Tabakalera is pleased to present its two summer shows, which this year are dedicated to two artists who are showing their work individually in Spain for the first time: Uriel Orlow (Switzerland, 1973) and Jumana Manna (USA, 1987). As in previous years, these projects embrace a vision of the moving image in contemporary art considering the audiovisual as a means of artistic and cinematographic expression.
There is an overlap between the work of both artists due to shared interests. In their projects we find works that treat botany and taxonomy as a metaphor of power relations and the archive as a constructive element of narratives and knowledge production. Both artists’ works investigate the tension that arises between the transmission of popular and unofficial forms of knowledge transmission and the formalisation of this knowledge and its appropriation by the powers that be when generating a story or heritage.
Uriel Orlow’s exhibition focuses on two bodies of work, Theatrum Botanicum and Soil Affinities, developed over the last few years between Europe and Africa. Both projects consider plants as active agents in colonial and post-colonial histories and relations. Whilst conventionally simply regarded as belonging to the botanical world, plants have not only been changed by humans throughout history for their subsequent exploitation, circulation and commercialisation, but are themselves key to our understanding the relationship of humans with the soil and nature. Working across video, audio, photography and installations, Orlow offers a variety of ways in which in depth research is combined with fiction, dramatisation and experimentation.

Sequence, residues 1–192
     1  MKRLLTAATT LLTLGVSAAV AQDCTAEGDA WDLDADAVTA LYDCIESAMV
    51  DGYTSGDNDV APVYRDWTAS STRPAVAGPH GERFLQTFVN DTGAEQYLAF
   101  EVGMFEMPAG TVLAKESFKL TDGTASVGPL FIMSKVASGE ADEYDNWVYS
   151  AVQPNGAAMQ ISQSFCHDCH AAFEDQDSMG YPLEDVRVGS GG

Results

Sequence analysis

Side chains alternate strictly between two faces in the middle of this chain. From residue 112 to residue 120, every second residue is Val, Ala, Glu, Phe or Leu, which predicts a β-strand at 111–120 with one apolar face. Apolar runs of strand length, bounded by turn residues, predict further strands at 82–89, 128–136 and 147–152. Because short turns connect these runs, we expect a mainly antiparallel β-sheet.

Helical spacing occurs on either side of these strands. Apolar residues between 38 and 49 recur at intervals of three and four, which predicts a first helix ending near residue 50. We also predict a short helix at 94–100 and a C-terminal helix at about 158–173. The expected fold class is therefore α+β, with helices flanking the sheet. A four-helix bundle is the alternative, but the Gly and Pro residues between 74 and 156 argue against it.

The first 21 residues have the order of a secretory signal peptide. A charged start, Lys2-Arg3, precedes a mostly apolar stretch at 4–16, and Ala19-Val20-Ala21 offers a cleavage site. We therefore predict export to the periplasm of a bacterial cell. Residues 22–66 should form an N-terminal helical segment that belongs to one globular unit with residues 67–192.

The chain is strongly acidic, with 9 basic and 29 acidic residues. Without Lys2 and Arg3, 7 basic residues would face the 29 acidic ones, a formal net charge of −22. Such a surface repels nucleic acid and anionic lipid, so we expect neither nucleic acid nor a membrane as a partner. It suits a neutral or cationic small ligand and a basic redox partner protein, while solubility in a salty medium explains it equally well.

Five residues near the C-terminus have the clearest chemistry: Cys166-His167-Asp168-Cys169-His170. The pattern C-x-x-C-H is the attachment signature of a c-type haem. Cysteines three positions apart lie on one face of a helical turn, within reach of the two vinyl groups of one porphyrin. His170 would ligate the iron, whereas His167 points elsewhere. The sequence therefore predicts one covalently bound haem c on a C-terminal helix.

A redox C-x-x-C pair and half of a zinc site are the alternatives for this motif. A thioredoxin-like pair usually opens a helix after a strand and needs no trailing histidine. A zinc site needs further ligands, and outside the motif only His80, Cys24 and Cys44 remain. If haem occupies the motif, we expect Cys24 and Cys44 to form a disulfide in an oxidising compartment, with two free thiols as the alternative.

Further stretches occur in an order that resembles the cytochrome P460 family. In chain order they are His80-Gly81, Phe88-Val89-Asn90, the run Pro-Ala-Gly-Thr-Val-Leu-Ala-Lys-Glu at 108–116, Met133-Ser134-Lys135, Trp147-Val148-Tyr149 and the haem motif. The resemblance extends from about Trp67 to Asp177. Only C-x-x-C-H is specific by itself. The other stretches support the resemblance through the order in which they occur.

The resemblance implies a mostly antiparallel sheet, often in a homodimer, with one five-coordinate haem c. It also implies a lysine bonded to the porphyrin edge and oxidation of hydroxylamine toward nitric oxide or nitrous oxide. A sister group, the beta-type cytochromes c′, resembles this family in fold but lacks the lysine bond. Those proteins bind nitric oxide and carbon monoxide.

The artistic work of Jumana Manna is carried out mainly within the world of cinema and sculpture. Her recent works have been examining the erasures that accompany scientific preservation practices, while going beyond the false binary of pure and unchanging heritage, versus embrace modernisation.
Exhibited in Spain for the first time, these projects include a series of anthropomorphic vessels called the Muscle-Vase series, two films titled A Magical Substance Flows Into Me, a re-staging of a musical archive, and Wild Relatives on the politics of seed banking between Svalbard in the Arctic and Lebanon. Combinations of her films and sculptures create multi-layered, visceral encounters that heighten the viewers awareness of their own bodies, as well as the power structures inhabited in the discourses of the work. This exhibition has been supported by Goethe Institut.
Alongside the exhibitions, Tabakalera is celebrating the IV International Film Seminar, which takes both exhibitions as a starting point. The seminar draws on a classic from the history of the film essay, from which it takes its title, and which it will adopt as a starting point from which to grow: Toute la mémoire du monde, the film with which, in 1956, Alain Resnais (in collaboration with Chris Marker) portrayed that great museum-institution and depository of universal knowledge: the National Library of Paris.